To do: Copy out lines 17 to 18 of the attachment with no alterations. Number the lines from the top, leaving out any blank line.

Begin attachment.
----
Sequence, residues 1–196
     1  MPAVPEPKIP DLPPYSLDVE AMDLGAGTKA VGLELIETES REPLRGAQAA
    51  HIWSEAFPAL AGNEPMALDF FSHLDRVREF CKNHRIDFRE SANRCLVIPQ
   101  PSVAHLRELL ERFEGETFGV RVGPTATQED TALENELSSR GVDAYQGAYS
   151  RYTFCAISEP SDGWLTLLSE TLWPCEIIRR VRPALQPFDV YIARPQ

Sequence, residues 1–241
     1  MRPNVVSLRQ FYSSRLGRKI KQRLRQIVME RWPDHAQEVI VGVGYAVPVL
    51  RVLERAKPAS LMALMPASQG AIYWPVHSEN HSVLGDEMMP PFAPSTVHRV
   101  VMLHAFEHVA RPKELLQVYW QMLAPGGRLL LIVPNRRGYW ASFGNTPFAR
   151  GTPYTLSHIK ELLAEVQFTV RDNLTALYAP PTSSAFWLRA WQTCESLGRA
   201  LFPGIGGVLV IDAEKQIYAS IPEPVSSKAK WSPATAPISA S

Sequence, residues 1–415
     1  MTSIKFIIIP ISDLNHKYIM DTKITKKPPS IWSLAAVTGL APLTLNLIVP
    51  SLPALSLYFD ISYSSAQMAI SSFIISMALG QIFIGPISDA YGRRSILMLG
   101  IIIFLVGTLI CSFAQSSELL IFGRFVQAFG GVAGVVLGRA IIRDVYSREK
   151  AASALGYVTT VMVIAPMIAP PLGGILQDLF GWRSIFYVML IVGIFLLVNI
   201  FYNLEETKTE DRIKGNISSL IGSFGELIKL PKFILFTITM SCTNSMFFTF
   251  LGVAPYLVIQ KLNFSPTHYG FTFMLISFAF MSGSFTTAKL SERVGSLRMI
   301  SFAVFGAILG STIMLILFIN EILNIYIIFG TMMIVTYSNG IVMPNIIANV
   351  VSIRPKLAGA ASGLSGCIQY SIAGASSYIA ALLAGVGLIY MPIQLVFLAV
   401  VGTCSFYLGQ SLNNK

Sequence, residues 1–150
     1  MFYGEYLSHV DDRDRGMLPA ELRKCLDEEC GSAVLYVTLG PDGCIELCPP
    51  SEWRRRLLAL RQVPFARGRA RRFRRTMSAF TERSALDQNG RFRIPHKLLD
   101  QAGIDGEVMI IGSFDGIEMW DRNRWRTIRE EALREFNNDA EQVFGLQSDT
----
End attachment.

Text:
   201  FYNLEETKTE DRIKGNISSL IGSFGELIKL PKFILFTITM SCTNSMFFTF
   251  LGVAPYLVIQ KLNFSPTHYG FTFMLISFAF MSGSFTTAKL SERVGSLRMI